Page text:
There is some interesting things though. You guys talked some about G and C. I assume you all know that in DNA, A-T and G-C. Well what is cool is that G and C have a strong bond than A and T. So if you were to look at a bacteria who lives in thermal vents, I would expect you to find that its GC content was higher than the AT content since G-C bonds are more stable.

And there is a lot of repeated sequences in the genome. I forgot what they mean, but I remember learning that you can find CG repeating regions before some genes. Wounded Kind said that cytosines are often times methylated and its in these regions where a lot of that methylation occurs. Methylation actually causes genes to be inactivated, though.

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 Message 12 of 61 (524333) 09-15-2009 11:15 PM Reply to: Message 1 by slevesque09-15-2009 5:13 PM

 2- Does anyone have more information on such proportions from other species ? The more information we have, the more interesting this will be.

I found something that might interest you. Here's a table of 899 bacterial species. The figures in the row on the far right of the table are the AT content of the bacteria given as a percentage. This ranges from 83.4% to 25.1%.

And here are 67 species of archaea. The AT content ranges from 72.4% to 34.1%.

They don't seem to have eukaryotes, which is a shame.

Edited by Dr Adequate, : No reason given.

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 Message 13 of 61 (524341) 09-15-2009 11:50 PM Reply to: Message 1 by slevesque09-15-2009 5:13 PM

Statistics --- ur doin it rong
 Anyhow, as I hope everyone that will join this discussion knows, statistics is a very interesting subject. One of the properties of a random sequence is that, given enough repetitions, it will always tend to go towards a certain %. I may not be clear, so here is an example:_ If I flip a coin for a very long time, the amount of heads and tails I should register should be close to 50% each.Now, if we start with a simplistic model of mutations where they are a totally random and apply this fact, then given enough time and mutations, the % of each nucleotides in the genome should tend towards 25%.

No, wait a moment.

Given your assumptions about mutation and selection (which, as WK and others have pointed out, might be incorrect) you're still doing the statistics wrong. Because what you're describing is a random walk.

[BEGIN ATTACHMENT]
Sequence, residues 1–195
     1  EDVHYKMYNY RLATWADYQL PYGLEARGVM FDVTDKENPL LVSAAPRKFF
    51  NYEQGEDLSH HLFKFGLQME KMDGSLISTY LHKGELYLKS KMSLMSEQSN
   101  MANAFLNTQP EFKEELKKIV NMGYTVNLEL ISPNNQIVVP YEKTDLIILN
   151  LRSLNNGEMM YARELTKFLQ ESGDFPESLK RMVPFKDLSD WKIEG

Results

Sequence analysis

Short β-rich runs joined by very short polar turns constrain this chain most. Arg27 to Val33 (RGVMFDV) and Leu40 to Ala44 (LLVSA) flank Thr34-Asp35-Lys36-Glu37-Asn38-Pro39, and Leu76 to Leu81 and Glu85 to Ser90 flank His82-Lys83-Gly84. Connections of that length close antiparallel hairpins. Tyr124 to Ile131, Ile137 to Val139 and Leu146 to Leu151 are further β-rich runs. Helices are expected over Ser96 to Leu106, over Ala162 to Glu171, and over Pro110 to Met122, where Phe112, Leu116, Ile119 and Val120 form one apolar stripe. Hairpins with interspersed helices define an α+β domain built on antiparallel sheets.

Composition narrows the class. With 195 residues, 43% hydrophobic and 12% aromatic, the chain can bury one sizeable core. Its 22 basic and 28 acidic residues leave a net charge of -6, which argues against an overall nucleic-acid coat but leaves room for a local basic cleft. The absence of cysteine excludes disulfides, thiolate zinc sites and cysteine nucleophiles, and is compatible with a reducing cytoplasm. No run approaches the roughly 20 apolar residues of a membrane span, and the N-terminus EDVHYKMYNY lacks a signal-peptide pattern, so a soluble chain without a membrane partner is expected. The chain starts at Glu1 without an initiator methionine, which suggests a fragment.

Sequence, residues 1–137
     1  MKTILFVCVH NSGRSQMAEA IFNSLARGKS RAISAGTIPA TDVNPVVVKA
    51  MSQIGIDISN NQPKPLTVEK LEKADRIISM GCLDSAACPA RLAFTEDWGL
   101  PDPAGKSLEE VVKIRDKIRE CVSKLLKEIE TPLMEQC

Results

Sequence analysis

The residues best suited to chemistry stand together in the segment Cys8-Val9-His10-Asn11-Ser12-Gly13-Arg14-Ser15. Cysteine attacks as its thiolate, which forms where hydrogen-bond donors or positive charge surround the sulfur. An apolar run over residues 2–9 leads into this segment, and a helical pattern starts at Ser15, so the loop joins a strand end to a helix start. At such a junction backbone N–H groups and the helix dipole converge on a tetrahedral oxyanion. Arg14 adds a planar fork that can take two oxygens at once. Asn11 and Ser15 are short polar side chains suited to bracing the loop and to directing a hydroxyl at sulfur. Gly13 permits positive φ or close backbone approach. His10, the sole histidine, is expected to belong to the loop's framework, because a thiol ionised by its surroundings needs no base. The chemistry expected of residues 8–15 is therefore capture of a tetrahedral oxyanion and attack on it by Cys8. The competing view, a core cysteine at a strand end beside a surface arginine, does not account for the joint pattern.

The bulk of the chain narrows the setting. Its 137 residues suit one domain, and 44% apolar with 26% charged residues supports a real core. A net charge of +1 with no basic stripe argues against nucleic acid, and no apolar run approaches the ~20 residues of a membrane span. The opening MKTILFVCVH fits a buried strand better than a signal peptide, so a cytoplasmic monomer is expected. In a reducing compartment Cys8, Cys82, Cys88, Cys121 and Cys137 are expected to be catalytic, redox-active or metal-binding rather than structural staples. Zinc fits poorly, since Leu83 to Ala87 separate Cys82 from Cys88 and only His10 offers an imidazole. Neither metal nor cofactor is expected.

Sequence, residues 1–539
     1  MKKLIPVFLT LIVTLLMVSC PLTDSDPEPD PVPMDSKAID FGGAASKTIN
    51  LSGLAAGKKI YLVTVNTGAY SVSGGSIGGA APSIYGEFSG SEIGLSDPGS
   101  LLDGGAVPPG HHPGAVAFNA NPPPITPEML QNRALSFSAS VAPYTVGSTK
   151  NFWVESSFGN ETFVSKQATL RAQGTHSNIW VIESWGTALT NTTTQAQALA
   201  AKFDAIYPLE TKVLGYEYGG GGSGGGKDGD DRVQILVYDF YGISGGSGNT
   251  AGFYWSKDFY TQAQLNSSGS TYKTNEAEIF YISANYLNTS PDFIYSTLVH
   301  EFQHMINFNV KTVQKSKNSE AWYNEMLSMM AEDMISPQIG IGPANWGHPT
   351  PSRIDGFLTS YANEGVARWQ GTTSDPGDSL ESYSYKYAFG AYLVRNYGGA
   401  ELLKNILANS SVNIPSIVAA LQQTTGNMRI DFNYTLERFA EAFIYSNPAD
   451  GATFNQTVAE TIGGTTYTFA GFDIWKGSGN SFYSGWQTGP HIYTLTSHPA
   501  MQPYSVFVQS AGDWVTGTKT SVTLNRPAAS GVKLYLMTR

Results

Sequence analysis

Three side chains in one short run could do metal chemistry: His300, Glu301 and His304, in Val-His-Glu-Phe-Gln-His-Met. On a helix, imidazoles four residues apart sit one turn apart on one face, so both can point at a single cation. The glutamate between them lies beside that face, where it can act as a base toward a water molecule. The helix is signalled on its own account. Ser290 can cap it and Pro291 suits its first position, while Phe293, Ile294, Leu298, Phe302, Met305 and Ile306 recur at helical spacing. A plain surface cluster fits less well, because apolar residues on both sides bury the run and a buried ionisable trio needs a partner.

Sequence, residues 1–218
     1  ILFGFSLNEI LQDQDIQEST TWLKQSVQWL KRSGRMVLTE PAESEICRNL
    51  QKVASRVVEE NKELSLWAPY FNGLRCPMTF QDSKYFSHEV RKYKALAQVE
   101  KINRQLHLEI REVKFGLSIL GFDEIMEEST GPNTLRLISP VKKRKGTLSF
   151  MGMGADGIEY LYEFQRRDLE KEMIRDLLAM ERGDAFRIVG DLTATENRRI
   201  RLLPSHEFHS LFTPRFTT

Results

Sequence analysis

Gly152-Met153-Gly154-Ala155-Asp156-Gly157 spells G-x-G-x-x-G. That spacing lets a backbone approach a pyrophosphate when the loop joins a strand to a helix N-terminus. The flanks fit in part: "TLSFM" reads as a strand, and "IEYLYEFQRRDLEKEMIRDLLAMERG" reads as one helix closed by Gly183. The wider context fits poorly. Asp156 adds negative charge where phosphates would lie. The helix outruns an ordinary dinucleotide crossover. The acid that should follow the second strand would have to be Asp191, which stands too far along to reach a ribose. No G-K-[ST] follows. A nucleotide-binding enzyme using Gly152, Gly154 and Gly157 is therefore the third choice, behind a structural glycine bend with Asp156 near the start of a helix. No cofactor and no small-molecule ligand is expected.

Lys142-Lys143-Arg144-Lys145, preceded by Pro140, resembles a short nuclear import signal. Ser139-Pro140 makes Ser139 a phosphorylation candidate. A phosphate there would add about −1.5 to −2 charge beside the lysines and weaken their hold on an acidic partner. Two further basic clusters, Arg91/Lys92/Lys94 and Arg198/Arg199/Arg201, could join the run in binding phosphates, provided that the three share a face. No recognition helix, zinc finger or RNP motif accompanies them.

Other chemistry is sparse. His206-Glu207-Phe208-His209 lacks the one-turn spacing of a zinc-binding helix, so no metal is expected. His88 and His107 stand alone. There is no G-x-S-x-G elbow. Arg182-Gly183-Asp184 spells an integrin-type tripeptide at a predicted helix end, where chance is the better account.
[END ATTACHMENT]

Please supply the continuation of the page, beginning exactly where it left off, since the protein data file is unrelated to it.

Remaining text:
Think about coin-tossing again. It is true that if you keep tossing the coin, the ratio of heads divided by tails will tend to 1. But it is not true that the difference of heads minus tails will tend to 0. It doesn't particularly tend to anything.

In your selectively-neutral model, then, the AT content will simply go on a random walk as time goes by. We expect its average value over time to be 50%, but we have no grounds for thinking that it will have this value at any particular time (such as now) still less that it will tend to this value, or indeed to any value.

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Peepul
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 Message 14 of 61 (524354) 09-16-2009 6:06 AM Reply to: Message 13 by Dr Adequate09-15-2009 11:50 PM

Re: Statistics --- ur doin it rong
quote:
Think about coin-tossing again. It is true that if you keep tossing the coin, the ratio of heads divided by tails will tend to 1. But it is not true that the difference of heads minus tails will tend to 0. It doesn't particularly tend to anything.

I think it does Dr A - the expectation value of the excess of heads or tails is the square root of n, where n is the number of tosses

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Dr Jack
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 Message 15 of 61 (524355) 09-16-2009 6:30 AM Reply to: Message 1 by slevesque09-15-2009 5:13 PM

You'll find G-C figures easier to get hold of, probably, because they're the one's traditionally used. G-C %ages were long used as a means of classifying microbial species, so there's a lot out there about them. They're increasingly being replaced by more sophisticated phylogenies based on actual sequences.

As others have noted your assumption that the %ages are not adaptive is simply false. A-T pairs have a double bond, G-C pairs have a triple bond; this means that A-T pairs are easier to seperate, and G-C are harder. So, for example, the origins of replication on genomes (of which there are many on eukaryotic chromosomes, and some archael chromosomes and one on bacterial and most archael chromosomes) have a very high proportion of A-T pairs because these can be easily seperated.

Thermophillic bacteria have higher levels of G-C pairings that their mesophilic relatives (that is, bacteria adapted to higher temperatures have more of the triple bonding G-C pairs which is thought to aid DNA stability). However, among archaea (the true kings of high temperature living), this link between temperature and G-C content doesn't hold. Species such as Pyrolobus fumarii (which can survive at up to 113 oC and grows best at 106) use protein and enzyme chaperones to mphilic relA stability instead.

Finally, there are also specific sequences that perform non-coding functions that can be higher or lower in the two - e.g. the TATA box which indicates gene starts.

So, you see, the picture is much more complicated than a simple random variation between the letters.